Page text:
It was here in the late 1990s that the Kyoto Protocol on Clean Air was signed by dignitaries from around the world (with one notable exception...).
The warm opening ceremony, with a welcome extended by the Kyoto President of JAS, Mr. Junichi Murata, set the tone for the day. He spoke of how the auspicious relationship between Japan and America had been strained lately, not only by the two countries themselves, but by China and Korea as well, and how important it is to preserve what has been a strong, international friendship decades now. In spite of Japan's "waining confidence" in the international arena, their economy remains 250% larger than China, in spite of the much-publicized economic development taking place in China presently.
the Keynote Speaker, Dr. Kazuo Inamori, Chairman Emeritus of Kyocera Corporation addressed the forum. He spoke of how post-WW2 relations had been forged, not by sheer strength or willpower, but "soft action," a useful, international strategy whereby understanding and persuasion can be brought about. He spoke of San Ren (the revolution in China) who in 1945, espoused the idea of "returning virtue for your hatred."
Of course, the presence of U.S. military bases in Japan figured heavily in the discussion. The delicate balance between being a "deterrent" and a "burden" has been a challenge for some time now. For example, Guam, a U.S. strategic base, is also a favorite vacation destination for many Japanese.
The lamentable stance of recent U.S. unilateral international policy was discussed. The fact that the US has been unbeatble, even invincible, does not make it omnipotent, and does not take away the fact that the U.S. still needs alliances.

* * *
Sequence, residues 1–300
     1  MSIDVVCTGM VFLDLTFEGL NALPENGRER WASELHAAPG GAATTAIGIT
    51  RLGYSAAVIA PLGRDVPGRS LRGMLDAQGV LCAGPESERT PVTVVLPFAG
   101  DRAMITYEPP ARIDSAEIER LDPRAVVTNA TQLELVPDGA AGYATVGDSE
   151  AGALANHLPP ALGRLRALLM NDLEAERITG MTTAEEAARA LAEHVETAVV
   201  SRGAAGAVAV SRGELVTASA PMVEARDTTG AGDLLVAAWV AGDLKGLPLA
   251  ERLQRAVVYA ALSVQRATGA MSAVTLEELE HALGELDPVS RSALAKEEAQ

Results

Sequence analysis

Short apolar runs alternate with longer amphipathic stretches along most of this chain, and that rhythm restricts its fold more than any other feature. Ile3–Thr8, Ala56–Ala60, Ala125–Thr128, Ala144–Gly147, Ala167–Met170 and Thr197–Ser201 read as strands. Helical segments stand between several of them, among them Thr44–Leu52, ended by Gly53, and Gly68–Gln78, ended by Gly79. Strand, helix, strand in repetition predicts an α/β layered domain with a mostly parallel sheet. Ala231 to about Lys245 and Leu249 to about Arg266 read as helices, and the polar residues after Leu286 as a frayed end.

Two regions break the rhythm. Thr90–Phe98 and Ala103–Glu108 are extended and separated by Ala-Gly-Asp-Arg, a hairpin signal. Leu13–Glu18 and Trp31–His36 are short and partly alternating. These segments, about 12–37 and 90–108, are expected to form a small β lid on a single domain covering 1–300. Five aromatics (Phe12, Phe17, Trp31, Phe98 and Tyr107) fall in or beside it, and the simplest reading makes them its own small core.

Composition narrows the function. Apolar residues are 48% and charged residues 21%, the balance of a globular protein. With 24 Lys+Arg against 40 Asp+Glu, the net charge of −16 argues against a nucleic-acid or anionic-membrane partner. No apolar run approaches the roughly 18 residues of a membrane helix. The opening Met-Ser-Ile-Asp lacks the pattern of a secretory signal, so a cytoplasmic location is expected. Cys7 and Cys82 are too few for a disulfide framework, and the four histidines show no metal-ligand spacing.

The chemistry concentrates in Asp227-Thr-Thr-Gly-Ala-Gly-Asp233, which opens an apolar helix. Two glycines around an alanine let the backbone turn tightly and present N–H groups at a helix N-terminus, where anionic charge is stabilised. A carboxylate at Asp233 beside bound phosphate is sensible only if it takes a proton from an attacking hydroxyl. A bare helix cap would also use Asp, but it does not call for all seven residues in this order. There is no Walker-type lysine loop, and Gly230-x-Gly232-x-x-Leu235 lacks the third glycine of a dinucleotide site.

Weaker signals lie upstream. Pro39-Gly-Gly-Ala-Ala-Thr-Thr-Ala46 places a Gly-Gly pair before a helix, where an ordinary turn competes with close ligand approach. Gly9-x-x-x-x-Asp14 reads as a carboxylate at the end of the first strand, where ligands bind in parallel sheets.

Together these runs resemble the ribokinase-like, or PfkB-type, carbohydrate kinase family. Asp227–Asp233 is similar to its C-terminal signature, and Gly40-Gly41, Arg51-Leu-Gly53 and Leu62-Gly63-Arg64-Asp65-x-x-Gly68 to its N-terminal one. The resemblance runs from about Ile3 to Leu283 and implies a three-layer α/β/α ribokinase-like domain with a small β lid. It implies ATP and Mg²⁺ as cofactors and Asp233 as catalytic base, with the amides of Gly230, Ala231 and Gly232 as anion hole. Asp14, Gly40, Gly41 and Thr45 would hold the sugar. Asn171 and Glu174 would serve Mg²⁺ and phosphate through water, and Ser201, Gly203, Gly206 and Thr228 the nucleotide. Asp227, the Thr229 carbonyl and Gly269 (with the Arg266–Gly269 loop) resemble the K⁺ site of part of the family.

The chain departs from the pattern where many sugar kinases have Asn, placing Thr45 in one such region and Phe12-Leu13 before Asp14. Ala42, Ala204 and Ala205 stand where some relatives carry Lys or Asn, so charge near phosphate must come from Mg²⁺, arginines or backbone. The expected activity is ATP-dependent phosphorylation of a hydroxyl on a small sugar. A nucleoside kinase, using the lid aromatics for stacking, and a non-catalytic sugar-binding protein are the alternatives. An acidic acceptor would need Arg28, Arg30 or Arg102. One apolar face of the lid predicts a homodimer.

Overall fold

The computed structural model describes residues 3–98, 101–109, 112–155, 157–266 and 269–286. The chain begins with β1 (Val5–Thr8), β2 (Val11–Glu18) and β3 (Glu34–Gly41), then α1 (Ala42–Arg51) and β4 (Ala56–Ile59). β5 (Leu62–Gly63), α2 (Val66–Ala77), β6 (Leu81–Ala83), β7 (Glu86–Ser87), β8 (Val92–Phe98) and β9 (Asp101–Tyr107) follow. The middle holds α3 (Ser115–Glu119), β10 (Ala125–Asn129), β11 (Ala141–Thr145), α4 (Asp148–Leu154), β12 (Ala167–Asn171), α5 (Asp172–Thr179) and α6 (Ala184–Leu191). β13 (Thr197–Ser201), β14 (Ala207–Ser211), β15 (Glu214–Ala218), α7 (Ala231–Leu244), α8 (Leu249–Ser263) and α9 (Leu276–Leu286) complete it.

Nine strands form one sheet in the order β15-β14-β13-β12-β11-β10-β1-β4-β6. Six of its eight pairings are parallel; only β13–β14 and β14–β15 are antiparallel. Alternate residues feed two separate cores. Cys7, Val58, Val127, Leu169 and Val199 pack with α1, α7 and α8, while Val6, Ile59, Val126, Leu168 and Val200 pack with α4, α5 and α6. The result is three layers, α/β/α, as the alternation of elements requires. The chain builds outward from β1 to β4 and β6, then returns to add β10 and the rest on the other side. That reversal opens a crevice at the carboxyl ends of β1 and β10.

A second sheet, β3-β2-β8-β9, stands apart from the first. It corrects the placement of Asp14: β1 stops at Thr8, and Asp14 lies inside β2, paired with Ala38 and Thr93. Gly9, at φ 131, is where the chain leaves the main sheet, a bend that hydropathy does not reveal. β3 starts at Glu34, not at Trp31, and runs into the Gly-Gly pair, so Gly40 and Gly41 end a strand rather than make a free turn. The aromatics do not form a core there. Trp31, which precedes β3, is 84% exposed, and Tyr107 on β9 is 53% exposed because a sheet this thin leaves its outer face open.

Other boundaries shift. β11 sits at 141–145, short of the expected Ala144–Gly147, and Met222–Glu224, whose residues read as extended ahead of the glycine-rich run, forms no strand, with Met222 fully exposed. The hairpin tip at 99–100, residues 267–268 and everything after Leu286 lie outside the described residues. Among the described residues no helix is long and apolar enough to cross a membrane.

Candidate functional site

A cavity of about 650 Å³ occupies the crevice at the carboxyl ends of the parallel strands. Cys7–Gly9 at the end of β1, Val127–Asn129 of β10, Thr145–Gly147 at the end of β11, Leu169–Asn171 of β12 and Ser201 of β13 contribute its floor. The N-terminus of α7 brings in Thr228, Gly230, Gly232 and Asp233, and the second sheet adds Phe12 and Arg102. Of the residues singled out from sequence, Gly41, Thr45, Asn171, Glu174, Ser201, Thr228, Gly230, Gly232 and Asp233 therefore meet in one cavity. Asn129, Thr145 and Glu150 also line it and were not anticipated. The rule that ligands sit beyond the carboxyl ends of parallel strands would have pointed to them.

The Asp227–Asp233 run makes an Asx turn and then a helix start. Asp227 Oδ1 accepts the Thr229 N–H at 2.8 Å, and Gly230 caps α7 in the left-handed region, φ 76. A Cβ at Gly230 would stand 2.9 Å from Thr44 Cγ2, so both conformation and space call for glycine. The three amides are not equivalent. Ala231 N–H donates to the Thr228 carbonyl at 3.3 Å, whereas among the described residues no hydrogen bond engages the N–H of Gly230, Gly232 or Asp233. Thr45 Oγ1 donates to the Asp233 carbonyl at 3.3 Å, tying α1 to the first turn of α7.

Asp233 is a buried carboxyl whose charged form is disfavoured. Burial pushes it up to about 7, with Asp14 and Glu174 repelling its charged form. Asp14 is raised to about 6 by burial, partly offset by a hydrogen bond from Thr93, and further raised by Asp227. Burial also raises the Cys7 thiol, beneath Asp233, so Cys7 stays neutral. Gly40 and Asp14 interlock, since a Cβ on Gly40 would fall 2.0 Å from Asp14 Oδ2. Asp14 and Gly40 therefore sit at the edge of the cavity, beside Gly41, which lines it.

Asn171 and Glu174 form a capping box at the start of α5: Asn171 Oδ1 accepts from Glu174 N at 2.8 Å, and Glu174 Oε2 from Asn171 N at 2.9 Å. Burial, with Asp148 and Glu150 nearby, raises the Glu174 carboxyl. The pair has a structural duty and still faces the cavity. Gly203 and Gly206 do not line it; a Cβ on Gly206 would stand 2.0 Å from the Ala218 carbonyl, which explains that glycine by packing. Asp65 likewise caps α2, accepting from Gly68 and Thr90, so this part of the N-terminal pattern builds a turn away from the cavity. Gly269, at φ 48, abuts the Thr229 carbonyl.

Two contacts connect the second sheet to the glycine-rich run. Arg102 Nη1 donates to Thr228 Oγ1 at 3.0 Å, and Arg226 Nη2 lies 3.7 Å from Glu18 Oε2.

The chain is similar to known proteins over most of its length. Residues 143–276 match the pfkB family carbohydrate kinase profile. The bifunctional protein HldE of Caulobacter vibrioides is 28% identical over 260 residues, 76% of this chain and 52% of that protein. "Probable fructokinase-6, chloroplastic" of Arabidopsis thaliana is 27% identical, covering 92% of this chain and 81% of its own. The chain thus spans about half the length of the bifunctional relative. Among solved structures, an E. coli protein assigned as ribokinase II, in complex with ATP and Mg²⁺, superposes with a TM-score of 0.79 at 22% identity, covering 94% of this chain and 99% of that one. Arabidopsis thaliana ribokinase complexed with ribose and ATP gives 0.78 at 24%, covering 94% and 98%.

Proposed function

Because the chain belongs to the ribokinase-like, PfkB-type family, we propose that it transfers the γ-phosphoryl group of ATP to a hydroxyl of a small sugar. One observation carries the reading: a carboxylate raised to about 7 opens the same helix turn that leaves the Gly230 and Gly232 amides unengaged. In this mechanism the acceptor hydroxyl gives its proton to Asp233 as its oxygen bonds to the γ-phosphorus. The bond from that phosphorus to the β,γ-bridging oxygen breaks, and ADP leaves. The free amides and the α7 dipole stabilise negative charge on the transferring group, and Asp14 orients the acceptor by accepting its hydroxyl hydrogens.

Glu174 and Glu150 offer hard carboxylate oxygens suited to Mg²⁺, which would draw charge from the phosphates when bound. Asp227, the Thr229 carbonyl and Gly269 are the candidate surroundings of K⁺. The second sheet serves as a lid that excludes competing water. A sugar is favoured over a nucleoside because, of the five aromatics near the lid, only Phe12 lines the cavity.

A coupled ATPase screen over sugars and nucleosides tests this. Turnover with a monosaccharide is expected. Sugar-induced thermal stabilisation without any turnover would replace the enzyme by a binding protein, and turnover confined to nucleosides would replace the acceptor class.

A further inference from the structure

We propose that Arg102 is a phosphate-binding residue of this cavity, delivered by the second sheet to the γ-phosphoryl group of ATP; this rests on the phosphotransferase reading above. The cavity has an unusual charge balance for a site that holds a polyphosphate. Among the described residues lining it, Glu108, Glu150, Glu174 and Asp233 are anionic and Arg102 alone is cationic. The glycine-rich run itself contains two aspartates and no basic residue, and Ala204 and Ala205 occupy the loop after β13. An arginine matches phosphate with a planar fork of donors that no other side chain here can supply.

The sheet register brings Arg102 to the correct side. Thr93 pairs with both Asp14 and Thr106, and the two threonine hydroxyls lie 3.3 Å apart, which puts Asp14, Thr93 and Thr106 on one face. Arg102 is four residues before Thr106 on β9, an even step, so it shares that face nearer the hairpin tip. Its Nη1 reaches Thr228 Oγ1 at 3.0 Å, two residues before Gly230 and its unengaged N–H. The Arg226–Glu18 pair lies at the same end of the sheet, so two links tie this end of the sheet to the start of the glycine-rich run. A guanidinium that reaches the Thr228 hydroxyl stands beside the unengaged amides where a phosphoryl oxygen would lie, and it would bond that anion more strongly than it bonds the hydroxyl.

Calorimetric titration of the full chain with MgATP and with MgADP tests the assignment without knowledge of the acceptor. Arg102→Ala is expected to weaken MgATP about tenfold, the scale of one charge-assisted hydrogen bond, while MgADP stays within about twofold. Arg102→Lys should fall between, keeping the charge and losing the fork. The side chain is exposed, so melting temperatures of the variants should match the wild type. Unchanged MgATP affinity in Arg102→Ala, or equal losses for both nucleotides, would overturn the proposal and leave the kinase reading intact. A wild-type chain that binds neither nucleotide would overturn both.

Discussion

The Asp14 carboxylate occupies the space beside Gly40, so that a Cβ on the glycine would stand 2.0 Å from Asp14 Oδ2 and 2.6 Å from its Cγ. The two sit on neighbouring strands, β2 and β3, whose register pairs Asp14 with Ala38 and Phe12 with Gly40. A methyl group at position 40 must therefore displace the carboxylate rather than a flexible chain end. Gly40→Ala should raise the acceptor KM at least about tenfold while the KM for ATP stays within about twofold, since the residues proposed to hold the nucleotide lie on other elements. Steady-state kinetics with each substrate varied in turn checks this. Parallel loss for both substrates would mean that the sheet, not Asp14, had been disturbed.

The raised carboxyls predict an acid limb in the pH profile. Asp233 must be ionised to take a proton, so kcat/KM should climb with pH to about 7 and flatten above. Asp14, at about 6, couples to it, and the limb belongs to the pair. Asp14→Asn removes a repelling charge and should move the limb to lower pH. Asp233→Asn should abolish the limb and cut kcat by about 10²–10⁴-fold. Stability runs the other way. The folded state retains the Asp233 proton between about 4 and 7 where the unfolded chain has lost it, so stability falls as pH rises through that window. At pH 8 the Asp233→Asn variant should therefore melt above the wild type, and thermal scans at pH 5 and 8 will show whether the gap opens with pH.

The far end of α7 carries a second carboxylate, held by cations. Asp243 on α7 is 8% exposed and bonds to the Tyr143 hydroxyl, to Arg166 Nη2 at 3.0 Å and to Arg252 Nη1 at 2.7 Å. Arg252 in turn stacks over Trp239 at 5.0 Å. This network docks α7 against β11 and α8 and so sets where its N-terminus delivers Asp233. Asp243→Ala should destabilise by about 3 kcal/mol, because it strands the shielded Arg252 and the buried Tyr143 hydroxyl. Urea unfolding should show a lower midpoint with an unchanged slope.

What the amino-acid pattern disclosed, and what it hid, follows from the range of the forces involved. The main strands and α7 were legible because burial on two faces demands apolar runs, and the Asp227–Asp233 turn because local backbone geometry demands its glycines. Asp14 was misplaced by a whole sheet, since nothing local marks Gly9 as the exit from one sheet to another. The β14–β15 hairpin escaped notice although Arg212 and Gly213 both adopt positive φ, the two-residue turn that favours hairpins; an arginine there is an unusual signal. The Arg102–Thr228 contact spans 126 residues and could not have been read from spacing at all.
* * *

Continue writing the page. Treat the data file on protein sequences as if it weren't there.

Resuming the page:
The question of whether the U.S. should be involved at all in regional Asian political forums was addressed also. For example, to date, the U.S. has ignored the heated topic of Taiwan's independence vs. Japan and China's claim to Taiwan. Still, China feels envy towards America's technological and economic development, which casts a favaorable light on democracy. And, although China is not 'expansionist,' it's policy of not being transparent with it's policies has worried the U.S. and Japan. Finally, since the Olympics are scheduled to be held in China in 2008, prognosticators believe that China will maintain the statsu quo until at least then.
After the forums, a warm and colorful reception was held at the Conference Center, complete with "geisha" greeters, and many "Kodak moments."
The second day was comprised of a Cultural Forum at the Kongo Noh Theater entitled, "The Spirit of Japanese Tradition, " and in the afternoon, another public forum entitled "Using New Technology to Create New Business Models, " held at the Kyoto Research Park.
hashi.org wishes to thank the organizers, participants, and the Japan-American Societies that made this inspiring event possible.